Cases reported "Arm Injuries"

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1/34. Post-traumatic distal nerve entrapment syndrome.

    Eleven patients with paralysis of muscle groups in the upper or lower extremity were clinically diagnosed after previous proximal direct trauma to the corresponding peripheral nerves, without complete nerve disruption. patients were seen within an average of 8 months after trauma (minimum 3 months and maximum 2 years after). Nerve lesions were caused either by gunshot, motor-vehicle accident, and other direct trauma or, in one case, after tumor excision. All patients presented with complete sensory and motor loss distal to the trauma site, but demonstrated a positive Tinel sign and pain on testing over the "classic" (distal) anatomic nerve entrapment sites only. After surgical release through decompression of the nerve compression site distal to the trauma, a recovery of sensory function was achieved after surgery in all cases. Good-to-excellent restoration of motor function (M4/M5) was achieved in 63 percent of all cases. Twenty-five percent had no or only poor improvement in motor function, despite a good sensory recovery. Those patients in whom nerve compression sites were surgically released before 6 months after trauma had an improvement in almost all neural functions, compared to those patients who underwent surgery later than 9 months post trauma. A possible explanation of traumatically caused neurogenic paralysis with subsequent distal nerve compressions is provided, using the "double crush syndrome" hypothesis.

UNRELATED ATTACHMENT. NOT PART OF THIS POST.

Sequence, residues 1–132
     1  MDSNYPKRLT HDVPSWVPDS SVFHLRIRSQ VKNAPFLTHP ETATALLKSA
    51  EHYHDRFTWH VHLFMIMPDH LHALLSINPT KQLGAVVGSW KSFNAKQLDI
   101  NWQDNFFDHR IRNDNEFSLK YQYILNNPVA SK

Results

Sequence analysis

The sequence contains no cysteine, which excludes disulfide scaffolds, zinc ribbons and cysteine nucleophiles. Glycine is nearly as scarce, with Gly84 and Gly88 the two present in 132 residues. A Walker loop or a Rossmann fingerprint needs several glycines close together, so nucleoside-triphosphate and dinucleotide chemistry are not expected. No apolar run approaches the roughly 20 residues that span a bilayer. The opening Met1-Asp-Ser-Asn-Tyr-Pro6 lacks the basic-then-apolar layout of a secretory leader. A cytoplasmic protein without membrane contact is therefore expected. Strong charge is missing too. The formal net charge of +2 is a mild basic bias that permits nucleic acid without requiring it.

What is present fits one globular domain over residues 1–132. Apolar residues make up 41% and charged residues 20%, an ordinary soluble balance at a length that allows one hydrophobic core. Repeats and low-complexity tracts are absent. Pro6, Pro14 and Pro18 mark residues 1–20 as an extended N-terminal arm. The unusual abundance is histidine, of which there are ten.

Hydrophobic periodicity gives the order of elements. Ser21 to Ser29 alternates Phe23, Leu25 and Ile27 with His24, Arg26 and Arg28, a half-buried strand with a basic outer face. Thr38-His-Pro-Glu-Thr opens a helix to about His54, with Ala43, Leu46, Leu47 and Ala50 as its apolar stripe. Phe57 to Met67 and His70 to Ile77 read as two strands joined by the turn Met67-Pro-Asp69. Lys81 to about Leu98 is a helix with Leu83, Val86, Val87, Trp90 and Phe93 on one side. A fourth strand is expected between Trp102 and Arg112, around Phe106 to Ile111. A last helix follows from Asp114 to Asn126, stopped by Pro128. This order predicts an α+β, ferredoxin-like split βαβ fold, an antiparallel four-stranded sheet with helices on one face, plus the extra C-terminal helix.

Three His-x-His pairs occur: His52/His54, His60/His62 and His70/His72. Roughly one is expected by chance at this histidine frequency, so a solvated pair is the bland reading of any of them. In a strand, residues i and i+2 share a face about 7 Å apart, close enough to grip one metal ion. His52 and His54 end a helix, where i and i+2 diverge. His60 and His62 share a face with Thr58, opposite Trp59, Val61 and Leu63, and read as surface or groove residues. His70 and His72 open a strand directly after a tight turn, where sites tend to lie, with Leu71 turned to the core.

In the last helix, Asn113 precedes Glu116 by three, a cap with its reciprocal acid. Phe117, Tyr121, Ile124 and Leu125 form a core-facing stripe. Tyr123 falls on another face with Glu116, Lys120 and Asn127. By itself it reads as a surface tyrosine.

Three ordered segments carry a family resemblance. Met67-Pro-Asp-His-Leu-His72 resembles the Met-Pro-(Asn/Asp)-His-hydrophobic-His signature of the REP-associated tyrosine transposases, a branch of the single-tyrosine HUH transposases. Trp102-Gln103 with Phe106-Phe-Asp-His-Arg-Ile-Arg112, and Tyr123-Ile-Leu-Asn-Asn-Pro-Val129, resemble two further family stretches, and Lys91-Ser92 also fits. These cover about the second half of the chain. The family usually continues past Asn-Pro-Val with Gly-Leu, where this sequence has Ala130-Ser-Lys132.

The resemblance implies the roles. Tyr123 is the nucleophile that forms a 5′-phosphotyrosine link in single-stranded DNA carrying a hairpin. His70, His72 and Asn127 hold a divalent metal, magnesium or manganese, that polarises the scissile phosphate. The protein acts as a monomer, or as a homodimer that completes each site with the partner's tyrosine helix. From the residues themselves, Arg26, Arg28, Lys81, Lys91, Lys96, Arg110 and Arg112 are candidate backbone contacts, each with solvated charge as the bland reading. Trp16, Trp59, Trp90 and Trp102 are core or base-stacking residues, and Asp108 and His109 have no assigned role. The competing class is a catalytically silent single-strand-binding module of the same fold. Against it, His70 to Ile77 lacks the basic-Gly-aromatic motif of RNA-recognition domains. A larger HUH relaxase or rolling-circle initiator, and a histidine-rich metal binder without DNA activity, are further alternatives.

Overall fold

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2/34. The shaking trauma in infants - kinetic chains.

    The findings in three children who died as a consequence of shaking and those in another child who survived are presented. In the three fatal cases, a combination of anatomical lesions were identified at autopsy which appear to indicate the sites where kinetic energy related to the shaking episodes had been applied thus enabling the sequence of events resulting in the fatal head injury to be elucidated. Such patterns of injuries involved the upper limb, the shoulder, the brachial nerve plexus and the muscles close to the scapula; hemorrhages were present at the insertions of the sternocleidomastoid muscles due to hyperextension trauma (the so-called periosteal sign) and in the transition zone between the cervical and thoracic spine and extradural hematomas. Characteristic lesions due to traction were also found in the legs. All three children with lethal shaking trauma died from a subdural hematoma only a few hours after the event. The surviving child had persistant hypoxic damage of the brain following on massive cerebral edema. All the children showed a discrepancy between the lack of identifiable external lesions and severe internal ones.
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3/34. Treatment of painful neuromas: a case report.

    The authors report a 15-year history of management of multiple recurrent neuromas in a patient with an amputated arm. Various surgical modalities were employed, including burying the nerve ends in muscle and bone. In addition, they also treated successfully one of the neuromas in this patient by capping the transected nerve with an extended autologous vein graft. This application of the extended autologous venous nerve conduit may be a novel alternative in the treatment of this challenging problem.